Will Medicaid take Mom's house from my brother? - AgingCare.com

Will Medicaid take Mom's house from my brother?


my mom quit claimed her house to my brother one year ago. he put her in nursing home 2 weeks later. now she will be going on medicaid. will Medicaid take the house from my brother. she is in assisted living now but her funds have been exhausted.

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Your profile states Mom is in assisted living. If that is the case and your brother provided medically necessary care for a minimum of two years Medicaid will penalize your mom for gifting house to your brother. But, if she is in a nursing home and brother provided medically necessary care then there may be an exemption for the penalties of Medicaid. The facility according to Medicaid regs must be a nursing home, which in my opinion should be changed to also exempt memory care.
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As Igloo explained, no, Medicaid will not take the house from Brother or place a lien on it. It was Mother's asset, Mother gave it away, and Mother is applying for Medicaid. The penalty will be on Mother, not Brother. This transaction can make her ineligible for Medicaid for a considerable period of time.

Medicaid has no authority over Brother.
Helpful Answer (2)

Her house had a value at the time of the Quit Claim. Usually the last tax assessor statement value or a valid appraisal done by a registered & licensed appraiser. That value will be considered "gifting" and place a transfer penalty on mom's Medicaid eligibility.

The penalty is derived roughly a formula based on your states medicaid daily reimbursement rate for room & board. So $ 100,000 home with state rate of $ 175 a day, means 571 days of ineligibility of NH Medicaid for your mom.

Assessor records dovetail with state database and the QCD will show up eventually. Mom will be found to be ineligible for Medicaid to pay for the NH even though she is qualified and "at need" now for income. Medicaid will sent mom, whomever is her DPOA or contact as indicated in the Medicaid application AND the NH a notification of her ineligibility. The NH will fully expect to be paid (as Medicaid will not be paying them) and for family the choices are limited….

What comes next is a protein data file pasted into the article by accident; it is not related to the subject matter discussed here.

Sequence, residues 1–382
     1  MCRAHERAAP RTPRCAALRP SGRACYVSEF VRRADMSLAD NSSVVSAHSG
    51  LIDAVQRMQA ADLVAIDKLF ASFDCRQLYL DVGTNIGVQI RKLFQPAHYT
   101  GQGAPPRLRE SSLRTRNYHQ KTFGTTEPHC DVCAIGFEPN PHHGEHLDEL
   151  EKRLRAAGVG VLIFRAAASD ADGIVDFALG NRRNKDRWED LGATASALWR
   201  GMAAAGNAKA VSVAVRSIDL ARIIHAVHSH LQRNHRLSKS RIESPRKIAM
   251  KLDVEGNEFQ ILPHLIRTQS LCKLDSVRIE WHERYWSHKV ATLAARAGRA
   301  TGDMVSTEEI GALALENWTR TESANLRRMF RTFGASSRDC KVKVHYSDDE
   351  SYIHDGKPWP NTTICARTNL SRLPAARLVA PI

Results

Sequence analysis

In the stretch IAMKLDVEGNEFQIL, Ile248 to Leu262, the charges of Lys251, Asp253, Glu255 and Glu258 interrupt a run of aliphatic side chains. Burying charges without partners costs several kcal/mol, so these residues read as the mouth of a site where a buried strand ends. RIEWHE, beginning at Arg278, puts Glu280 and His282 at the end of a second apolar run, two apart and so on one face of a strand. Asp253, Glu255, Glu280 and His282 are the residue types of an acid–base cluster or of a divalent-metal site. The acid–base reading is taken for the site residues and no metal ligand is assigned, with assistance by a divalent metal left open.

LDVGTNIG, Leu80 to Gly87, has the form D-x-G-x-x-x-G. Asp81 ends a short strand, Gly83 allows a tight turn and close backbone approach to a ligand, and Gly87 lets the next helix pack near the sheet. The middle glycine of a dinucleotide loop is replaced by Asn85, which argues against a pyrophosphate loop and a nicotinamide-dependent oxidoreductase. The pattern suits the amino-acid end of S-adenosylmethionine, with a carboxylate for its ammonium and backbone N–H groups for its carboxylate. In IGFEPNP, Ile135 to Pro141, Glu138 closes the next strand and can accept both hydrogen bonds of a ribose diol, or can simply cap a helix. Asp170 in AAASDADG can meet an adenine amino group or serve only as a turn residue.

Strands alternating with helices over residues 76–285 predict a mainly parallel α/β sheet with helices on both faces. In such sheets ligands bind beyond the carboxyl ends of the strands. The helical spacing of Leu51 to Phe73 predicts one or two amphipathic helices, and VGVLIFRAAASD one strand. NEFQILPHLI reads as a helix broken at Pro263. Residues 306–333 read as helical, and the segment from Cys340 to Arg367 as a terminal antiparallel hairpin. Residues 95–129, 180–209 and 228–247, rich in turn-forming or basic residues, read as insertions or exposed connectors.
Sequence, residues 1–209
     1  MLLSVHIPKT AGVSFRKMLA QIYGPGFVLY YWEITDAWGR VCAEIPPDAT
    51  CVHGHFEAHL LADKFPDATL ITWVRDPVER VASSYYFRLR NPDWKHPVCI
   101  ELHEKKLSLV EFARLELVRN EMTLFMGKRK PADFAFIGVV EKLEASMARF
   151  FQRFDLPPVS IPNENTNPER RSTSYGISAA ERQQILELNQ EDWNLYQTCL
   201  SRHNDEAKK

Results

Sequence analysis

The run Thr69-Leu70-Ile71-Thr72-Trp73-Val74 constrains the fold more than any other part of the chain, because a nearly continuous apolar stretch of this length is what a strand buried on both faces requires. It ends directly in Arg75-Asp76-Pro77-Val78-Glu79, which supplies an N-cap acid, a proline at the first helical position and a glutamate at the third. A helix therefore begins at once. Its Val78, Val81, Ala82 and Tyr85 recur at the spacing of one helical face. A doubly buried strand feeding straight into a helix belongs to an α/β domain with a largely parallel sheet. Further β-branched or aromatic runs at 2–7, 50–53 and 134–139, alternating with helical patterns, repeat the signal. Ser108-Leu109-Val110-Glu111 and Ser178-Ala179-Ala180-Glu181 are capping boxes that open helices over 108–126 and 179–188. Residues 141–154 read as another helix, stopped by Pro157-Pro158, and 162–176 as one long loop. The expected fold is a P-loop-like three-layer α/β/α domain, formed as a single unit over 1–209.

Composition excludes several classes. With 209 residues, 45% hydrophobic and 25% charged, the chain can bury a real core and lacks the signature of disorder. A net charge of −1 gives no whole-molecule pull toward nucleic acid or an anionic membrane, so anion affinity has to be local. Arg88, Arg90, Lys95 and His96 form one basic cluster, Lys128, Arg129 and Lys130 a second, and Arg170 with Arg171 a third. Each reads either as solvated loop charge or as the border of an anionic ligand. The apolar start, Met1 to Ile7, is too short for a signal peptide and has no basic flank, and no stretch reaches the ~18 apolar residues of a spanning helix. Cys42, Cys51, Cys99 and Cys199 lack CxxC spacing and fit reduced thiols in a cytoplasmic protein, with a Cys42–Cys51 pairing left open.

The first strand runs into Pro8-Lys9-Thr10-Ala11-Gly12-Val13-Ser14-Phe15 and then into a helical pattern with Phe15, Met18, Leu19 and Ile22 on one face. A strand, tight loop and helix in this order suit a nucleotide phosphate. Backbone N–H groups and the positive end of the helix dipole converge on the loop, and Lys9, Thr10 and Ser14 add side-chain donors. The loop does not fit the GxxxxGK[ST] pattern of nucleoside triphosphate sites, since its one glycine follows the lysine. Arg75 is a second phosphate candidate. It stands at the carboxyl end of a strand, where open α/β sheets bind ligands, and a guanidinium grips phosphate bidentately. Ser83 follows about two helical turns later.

- someone signs off a private pay contract at the NH along with funds to pay the past due;
- someone in the family moves mom into their home (the NH debt still is there and will be turned over to collections);
- family walk on mom and let mom become a ward of the state with a court appointed non-family guardian;
- brother signs his own QCD of the home back to mom and the house then become an exempt asset for her and allowed by medicaid (there have been several on this site who have had to do the do-over of a QCD, it is the simplest way out of this mess) and either family pay all house costs but do not own it & deal with estate recovery & probate later on OR sell it for mom;
- Brother cancels the QCD and buys the house at FMV or assessor value from mom and mom does a spend down of the $ till she qualifies for Medicaid.

Regarding keeping the house, although having them continue to keep their home & the fact that Medicaid allows for the home to be an exempt asset sounds just fabulous, it poses problems. Mom's income must be paid to the NH as her co-pay or SOC (share of cost). Mom realistically will have no-none-nada of $ anymore to pay on anything on her home anymore. Someone will have to pay all costs on the property and from day 1 of Nh Medicaid approval till she dies and then through the MERP &/or or probate process. Upon death it then becomes an asset of her estate. Medicaid is required to attempt a recovery of all costs paid by Medicaid from her estate via MERP. If family ignores MERP or doesn't open probate, the Medicaid lein on the properly will be placed and caused a "cloud" on the title which means it cannot be sold or any equity lending done on the property will the cloud is lifted by payment to Medicaid.

Eventually a match up on assets will be done and the transfer will surface. If you signed off on the admissions documents for mom (& not your brother), the NH will come after you to pay mom's debt. A NH can run from 5k to 15K a month, the debt could be quite large within a year or so. The Medicaid application probably has some wording on accuracy of information provided with fines if not or APS investigation if things done fraudulently.
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I agree with comments above, but I would also explore the legal implications of the Quit claim deed. That term may have special meaning in your state. I might inquire how that differs from a regular deed. An attorney would be able to explore what if any significance there is. Did an attorney prepare that deed or was it done without legal advice? I would explore that as it could have implications.
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Yes, Medicaid will view the Quit-claim to your brother as a "gift". Thus Medicaid can place a lien on the house.

There are exceptions and you or your brother would need to check with the State Medicaid office. Now, if your brother was providing around the clock care of his Mother for at least two years which kept his Mom out of a nursing home, and has proof of this claim, then Medicaid might not place a lien on the house. The proof would be that he was doing the work of 3 full-time caregivers each day, with doctor written requirements that his Mom needed this care.
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